Tag Archives: JP Leider

New Workforce Estimates Show Public Health Never Recovered from the Great Recession. Then Came COVID-19.

Source It’s 10 pm. Do you know where your public health workforce is? These next 6 to 8 weeks are likely to represent the midnight hour of the first wave of COVID-19. Models differ, significantly, but as states begin to reopen, we know that thousands of more deaths are on the way. When this pandemic started as several outbreaks across

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Reflecting on the Past to Divine a Better Future for Public Health

Public health has undergone definition and redefinition in the US since the Union’s conception two centuries ago. There are plenty of definitions to go around. My favorite, hands down, comes from a CEA Winslow, the founder of the Yale School of Public Health and an eminent public health researcher in the last century. One hundred years ago this January, he

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Getting Creative but Remaining Rigorous, and Scientific, in Responding to a Pandemic

Apparently, I have missed an anniversary. Almost exactly 10 years ago, when we were in the midst of the last pandemic, I published my very first scholarly first-author paper – Convalescent transfusion for pandemic influenza: preparing blood banks for a new plasma product? The basic idea of this paper is that I and coauthors Patricia Brunker and Paul Ness would

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What’s the Deal with Public Health Funding?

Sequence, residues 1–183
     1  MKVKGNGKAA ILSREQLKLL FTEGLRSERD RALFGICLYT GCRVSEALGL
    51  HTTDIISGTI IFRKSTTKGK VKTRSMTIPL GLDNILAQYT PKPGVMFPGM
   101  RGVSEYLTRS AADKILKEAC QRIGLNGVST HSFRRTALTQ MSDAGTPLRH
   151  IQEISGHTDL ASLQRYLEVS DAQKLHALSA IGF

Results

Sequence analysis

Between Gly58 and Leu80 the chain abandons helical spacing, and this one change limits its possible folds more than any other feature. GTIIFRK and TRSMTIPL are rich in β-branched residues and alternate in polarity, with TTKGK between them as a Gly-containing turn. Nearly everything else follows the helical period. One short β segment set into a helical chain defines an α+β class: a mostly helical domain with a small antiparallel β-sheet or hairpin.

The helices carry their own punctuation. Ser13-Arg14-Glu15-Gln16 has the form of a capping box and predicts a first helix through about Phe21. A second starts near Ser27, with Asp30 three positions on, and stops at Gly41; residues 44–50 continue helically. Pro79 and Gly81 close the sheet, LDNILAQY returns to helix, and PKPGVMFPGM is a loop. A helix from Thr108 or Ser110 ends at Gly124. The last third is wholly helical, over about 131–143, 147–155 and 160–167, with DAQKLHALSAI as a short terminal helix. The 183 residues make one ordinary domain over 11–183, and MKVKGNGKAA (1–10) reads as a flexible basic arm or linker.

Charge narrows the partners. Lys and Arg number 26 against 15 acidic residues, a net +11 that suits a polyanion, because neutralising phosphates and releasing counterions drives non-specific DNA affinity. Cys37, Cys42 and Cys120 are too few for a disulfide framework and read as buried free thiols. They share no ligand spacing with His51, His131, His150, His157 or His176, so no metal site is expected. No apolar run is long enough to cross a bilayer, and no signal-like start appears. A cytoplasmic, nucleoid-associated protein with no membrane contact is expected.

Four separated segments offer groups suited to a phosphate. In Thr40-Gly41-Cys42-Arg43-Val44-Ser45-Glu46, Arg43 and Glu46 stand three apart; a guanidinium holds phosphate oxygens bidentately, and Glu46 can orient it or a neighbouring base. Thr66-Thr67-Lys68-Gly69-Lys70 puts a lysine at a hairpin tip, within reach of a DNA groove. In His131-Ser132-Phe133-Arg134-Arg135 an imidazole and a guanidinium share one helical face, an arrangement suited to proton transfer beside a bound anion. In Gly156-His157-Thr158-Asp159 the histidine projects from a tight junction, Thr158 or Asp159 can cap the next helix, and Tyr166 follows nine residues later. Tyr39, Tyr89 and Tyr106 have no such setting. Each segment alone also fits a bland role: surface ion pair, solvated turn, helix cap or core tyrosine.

I woke up this morning and decided the question of public health funding deserved the Jerry Seinfeld treatment. Like my colleagues who do disaster planning and are in public health more generally, I get many questions each day about COVID-19 and what the average citizen should do. Make no mistake, these questions are coming from a reasoned and reasonable place.

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Standardizing Financial Information Systems: Implications for Addressing COVID-19

by Gulzar H. Shah, PhD, MStat, MS, and Kristie C. Waterfield, DrPH, MBA Health Informatics Innovations and Applications highlights ways that health informatics innovations and applications are supporting stakeholders in public health practice and policy to advance their mission of improved population health. The series highlights innovations in health care informatics.   In my encounters with health informatics over the last

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A Workforce in Transition

Meditations on the MPH

It’s clear that the governmental public health workforce is changing. We’re on the precipice of generational change, with 22% percent of staff planning to retire in the coming years. Separately, we also have many that are interested in leaving for reasons other than retirement, about 25% overall. Among those under age 35, 32% are considering leaving. I have written and

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How Has the Field Responded to the 2012 Report on Public Health Financing?

by Jessica Solomon Fisher, MCP In 2012, President Obama was elected to his second term, ‘Obamacare’ was upheld by the Supreme Court, the Transit of Venus occurred, and Queen Elizabeth II celebrated her diamond jubilee. Amidst this revelry, the Institute of Medicine (IOM), now the National Academies of Sciences, Engineering, and Medicine, published three reports on public and population health.

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